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Environmental Accountability: The Implementation of Polluter Pays Principle in India's Legal Framework

Everything which surrounds us is environment. There's always a constant pedestal between environmental preservation and development. Environmental concerns are an inevitable trade:off in progress. Global warming, climate change, ecological degradation, and resource shortages are only few of the many negative outcomes that have been attributed to pollution, a worldwide problem.

As we delve into the complex web of human industry, we face the hideous realities that exist behind the surface of development in this exposure of industrial pollution, which takes us on an emotional journey through its many effects. From the barren wasteland left behind by unregulated mining to the heartbreaking stories of towns decimated by the onslaught of industrialization, we face the urgent need to balance our ambitions for wealth with the responsibility to protect the environment. With the advent of Industrial Revolution, the environment has been subject to a multitude of dangers like carbon emissions, air pollution, combustion of fossil fuels, soil degradation, and many more. Every coin has two sides to it.

Pros and drawbacks of the Industrial Revolution are also included. On the one hand, the Industrial Revolution has brought forth numerous improvements to people's lives in the twenty:first century. However, regrettably, industrial pollution is a result of the industrial revolution. The industrial pollution is affecting the environment at heavy costs and both society and human health is paying heavy prices because of dangerous situation for present as well as future generations.

Any form of pollution that can trace its immediate source to industrial practices is known as industrial pollution. Radical improvements and adjustments have been required in the sector as nations move to a more sustainable future. Despite significant progress in reducing emissions by 2040% and energy consumption by 6%, pollution in the industry is still rising.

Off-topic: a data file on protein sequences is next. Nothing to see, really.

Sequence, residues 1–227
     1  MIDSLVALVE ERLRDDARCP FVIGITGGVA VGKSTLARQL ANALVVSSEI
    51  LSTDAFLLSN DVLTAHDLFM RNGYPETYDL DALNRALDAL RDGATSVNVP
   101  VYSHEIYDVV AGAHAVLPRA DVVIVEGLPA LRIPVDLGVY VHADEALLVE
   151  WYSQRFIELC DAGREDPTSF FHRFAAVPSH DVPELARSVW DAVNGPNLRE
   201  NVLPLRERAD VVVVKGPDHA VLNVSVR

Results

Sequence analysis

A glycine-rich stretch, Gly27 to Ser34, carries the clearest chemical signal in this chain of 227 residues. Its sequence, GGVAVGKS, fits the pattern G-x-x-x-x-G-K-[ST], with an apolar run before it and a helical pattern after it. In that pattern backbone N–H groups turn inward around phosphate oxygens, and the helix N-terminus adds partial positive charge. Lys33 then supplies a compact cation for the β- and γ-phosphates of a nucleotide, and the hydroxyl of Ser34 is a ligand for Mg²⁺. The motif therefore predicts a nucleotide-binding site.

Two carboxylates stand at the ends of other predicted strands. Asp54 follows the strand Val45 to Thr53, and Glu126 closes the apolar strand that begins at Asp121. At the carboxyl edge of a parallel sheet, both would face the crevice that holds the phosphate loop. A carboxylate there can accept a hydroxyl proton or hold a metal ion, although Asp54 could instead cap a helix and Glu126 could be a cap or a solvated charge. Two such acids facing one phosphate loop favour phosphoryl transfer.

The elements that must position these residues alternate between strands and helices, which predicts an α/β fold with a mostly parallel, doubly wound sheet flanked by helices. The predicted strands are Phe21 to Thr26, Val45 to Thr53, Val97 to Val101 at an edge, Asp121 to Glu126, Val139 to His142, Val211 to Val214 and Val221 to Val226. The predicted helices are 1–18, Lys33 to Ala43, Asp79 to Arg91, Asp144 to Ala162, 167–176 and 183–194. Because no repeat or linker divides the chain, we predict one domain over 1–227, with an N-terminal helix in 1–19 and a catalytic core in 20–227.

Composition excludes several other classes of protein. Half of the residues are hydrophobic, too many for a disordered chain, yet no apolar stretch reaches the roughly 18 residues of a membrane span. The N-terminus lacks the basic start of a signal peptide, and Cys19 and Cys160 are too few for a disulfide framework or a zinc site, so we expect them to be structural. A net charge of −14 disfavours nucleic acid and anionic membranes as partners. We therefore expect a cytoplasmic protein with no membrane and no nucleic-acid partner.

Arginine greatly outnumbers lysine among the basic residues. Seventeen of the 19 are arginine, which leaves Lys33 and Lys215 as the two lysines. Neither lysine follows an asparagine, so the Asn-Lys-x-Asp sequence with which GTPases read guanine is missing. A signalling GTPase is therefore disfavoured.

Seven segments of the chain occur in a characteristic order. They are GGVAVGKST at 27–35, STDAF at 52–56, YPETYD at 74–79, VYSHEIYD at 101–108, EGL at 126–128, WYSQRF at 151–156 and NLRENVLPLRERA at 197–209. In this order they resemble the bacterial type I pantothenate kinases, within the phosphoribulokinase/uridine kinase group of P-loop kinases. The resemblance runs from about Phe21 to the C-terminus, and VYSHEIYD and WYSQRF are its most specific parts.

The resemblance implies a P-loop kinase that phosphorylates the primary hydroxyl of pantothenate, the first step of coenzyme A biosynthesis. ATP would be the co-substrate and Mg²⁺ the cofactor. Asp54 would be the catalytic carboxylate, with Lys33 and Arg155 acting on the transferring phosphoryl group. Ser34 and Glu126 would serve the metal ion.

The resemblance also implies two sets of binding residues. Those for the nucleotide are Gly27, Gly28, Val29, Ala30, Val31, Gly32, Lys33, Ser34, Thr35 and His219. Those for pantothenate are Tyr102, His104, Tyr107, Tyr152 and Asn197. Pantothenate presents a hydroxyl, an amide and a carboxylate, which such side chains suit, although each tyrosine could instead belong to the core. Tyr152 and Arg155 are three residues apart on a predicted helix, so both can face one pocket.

Reasons for Industrial Pollution

There are various factors which causes industrial pollution. Some of the causes are as follows:
  1. Unplanned Industrial Growth: The phrase "unplanned" adequately captures the entirety of the causes of industrial pollution. With the rapid expansion of factories, rules or norms, systematic foresight or regulation, and environment, everything is flouted. This unchecked proliferation often leads to environmental degradation, including pollution, habitat destruction, and resource depletion.

    Socially, it contributes to urban sprawl, overcrowding, and inadequate infrastructure, exacerbating inequalities and straining communities. Economically, unplanned growth can result in inefficiencies, overreliance on finite resources, and vulnerability to economic shocks. Addressing unplanned industrial growth necessitates comprehensive urban planning, stringent environmental regulations, and sustainable development practices. By prioritizing long:term sustainability and equitable growth, societies can mitigate the adverse impacts of unplanned industrial expansion and foster resilient, thriving communities for generations to come.
  2. Use of traditional technologies: There is still a lot of factories/industries which rely on outdated technologies. To avoid high cost and expenditure, industries continue using outdated technologies which in turn, generates ample amount of waste. Some ancient tools emit smoke in large quantity which causes air pollution. These ancient technologies are less efficient and as a result requires lot of energy to operate. The heightened consumption of resources may precipitate an escalation in the extraction, refinement, and conveyance of raw materials, thereby exacerbating environmental degradation and pollution.
  3. Improper Waste Disposal: There are several problems in disposing waste material released by industries. Sometimes industries don't have efficient waste management system and eventually every untreated or improperly treated waste is just drained off into the environment which pollutes water, degrades the soil, and causes pollution. The serious health risks associated with improper disposal of waste pose a significant threat to human well:being, particularly as we depend on nature for sustenance and livelihoods.
  4. Leaching of Resources from environment: Generally a lot of raw materials consumed by the industries are extracted from natural surroundings. For example, deforestation is done to clear up lands, using woods and timber for industrial purposes, animals end up losing their homes, rivers are drying up, etc. In case of extraction of radioactive materials, a lot of it leaks out or is discharged as radiation. Much of the pollution in the ocean comes from oil spills that happen while ships are in transit.

Effects of Industrial Pollution on environment